Let's start with a lesson in grammar.
According to The Oxford English Dictionary, a pronoun is "a word used instead of a noun to indicate someone or something already mentioned or known". A personal pronoun is "each of the pronouns in English (I, you, he, she, it, we,they, me , him, her, us and them) comprising a set that shows contrasts of gender".
So, in, for example, the sentences:
"I will put those clothes out for you",
"Let me do the vacuuming"
"I will do the washing up"
"I am happy to mow the lawn"
the personal pronouns are "I" and "me".
In my house recently, for 19 days, there existed a strange phenomenon: another personal pronoun had joined those already in existence. This pronoun had the name "Bob".
"Bob" is a comparatively harmless pronoun. He likes to sit and read, and is particularly fond of mystery novels. He makes a nice cup of tea, and enjoys relaxing in the sun. For his age he is fairly active, and he has been known to walk several miles in one day. He is not as young as he used to be, and is therefore prone to napping, usually in the afternoon. If left to his own devices, he would probably nap for several hours in one stretch.
But Bob is seldom given leave to do as he wishes. His days are made up of a continuous stream of demands and requests. No sooner has he settled into a comfortable chair, opened his book to the relevant chapter, than a voice can be heard calling "Bob?"
As many of you know, I found my In-Laws visit just a tad stressful. I can cope with them for short periods of time, and when one first sees Edna, close to 85 years of age, stoop shouldered, wizened faced, one is tempted to think "ahhh, what a sweet little old lady!" But do not be fooled.
After 24 hours, I was already grinding my teeth and taking deep breaths in an attempt to refrain from telling her where to go (the airport, Afghanistan, Mars).
If she would just behave like an old person everything would be fine (and I know ... that is incredibly ageist of me ... I mean ... how should old people behave? Are we talking drooling, loose dentures and comatose in front of the TV?) Anyway ... I guess what I am trying to say is, she is not an easy person to get along with.
From The continuous demand to be given things to do ... and then when I found a task (often unnecessary) Bob would immediately be instructed to do it.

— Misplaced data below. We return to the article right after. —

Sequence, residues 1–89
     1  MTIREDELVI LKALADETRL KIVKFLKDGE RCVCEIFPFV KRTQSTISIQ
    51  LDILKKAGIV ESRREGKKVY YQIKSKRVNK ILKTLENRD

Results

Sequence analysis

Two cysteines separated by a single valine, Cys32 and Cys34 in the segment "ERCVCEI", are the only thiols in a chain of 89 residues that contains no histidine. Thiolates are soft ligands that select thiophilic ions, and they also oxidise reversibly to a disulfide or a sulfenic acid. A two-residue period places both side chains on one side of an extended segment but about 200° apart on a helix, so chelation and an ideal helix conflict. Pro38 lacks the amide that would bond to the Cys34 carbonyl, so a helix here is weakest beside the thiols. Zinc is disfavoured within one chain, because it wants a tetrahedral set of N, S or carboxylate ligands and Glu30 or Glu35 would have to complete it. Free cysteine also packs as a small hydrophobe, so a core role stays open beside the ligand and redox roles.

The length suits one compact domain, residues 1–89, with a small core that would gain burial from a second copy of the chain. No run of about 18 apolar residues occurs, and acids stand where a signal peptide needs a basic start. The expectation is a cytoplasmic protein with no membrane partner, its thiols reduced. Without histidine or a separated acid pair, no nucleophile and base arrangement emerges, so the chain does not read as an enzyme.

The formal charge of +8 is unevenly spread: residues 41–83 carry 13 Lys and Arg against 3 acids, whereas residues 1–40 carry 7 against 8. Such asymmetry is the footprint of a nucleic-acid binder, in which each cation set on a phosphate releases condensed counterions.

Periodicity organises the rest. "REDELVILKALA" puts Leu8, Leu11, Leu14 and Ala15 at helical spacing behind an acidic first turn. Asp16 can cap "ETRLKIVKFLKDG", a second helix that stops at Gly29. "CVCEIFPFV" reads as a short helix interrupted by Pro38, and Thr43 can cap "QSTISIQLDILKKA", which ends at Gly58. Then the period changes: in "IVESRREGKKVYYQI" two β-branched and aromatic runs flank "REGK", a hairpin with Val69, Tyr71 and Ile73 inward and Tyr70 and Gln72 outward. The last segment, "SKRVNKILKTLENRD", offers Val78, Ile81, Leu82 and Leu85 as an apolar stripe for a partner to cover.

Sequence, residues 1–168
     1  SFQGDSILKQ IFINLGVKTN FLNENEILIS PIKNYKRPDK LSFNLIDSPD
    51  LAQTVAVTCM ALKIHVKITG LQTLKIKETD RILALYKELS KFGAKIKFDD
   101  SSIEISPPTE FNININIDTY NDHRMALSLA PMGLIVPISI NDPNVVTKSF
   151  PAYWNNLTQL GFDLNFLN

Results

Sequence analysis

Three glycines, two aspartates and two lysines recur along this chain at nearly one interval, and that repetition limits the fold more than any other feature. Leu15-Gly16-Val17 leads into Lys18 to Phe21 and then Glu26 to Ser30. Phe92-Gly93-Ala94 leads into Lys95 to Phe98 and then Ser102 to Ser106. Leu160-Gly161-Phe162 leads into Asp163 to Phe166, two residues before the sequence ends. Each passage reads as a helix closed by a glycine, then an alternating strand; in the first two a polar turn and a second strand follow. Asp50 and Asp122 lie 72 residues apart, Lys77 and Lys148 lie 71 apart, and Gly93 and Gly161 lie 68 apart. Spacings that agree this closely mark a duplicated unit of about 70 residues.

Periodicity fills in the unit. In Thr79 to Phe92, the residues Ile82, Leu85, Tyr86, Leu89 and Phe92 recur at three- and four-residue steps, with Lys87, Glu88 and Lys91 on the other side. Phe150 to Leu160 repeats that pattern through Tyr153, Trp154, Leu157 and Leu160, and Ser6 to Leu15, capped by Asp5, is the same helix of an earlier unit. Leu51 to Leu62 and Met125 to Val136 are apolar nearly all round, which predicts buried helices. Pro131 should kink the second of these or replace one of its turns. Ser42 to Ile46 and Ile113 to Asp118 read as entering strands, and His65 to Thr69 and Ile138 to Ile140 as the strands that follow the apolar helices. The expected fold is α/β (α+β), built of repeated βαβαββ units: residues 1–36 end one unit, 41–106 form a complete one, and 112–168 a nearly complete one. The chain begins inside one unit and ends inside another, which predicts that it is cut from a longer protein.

To her annoying habit of "moving" my furniture and ornaments. If I have my chairs placed in a certain way, I want them to stay like that. Why does she have to move them? And photo frames, vases, candles, ... she repositions them ... sometimes inches, sometimes to completely different locations ... GRRRRR!!
And the vastly irritating need to "own" what she has done. If she cleans the floor, suddenly we are not allowed to walk on it ... "Take your shoes off if you want to walk on my nice clean kitchen floor ..." Well excuse me, but if I want to bring a herd of filthy, mud splattered baby elephants into MY house to walk all over MY kitchen floor then it is MY prerogative!!" I remember when Andy and I bought our first house in England, and I was grateful for Edna's help in the garden. Until I started getting the phone calls asking how her garden was doing? Were we remembering to water her flowers?
So, all in all, I was greatly relieved to say farewell, after 2 weeks and 4 days. My kitchen, my deck, my furniture, my ornaments are my own again. Bob is no longer hanging out my washing, hoovering the stairs or emptying the dishwasher. Well, he probably is, but not in my house. And what they get up to in their own house is nothing to do with me!
- I have been married to Andy since 1991, we have 4 daughters, 2 dogs, 2 cat, 4 rabbits (and various baby rabbits) and a hamster (not dead). We have lived in the U.S.A since 2000, and are citizens of the U.K. I miss many things about the U.K.(pubs, old buildings, red post boxes, church bells,narrow roads, a good joint of roast lamb with mint sauce, to name but a few) but I have grown to love the U.S.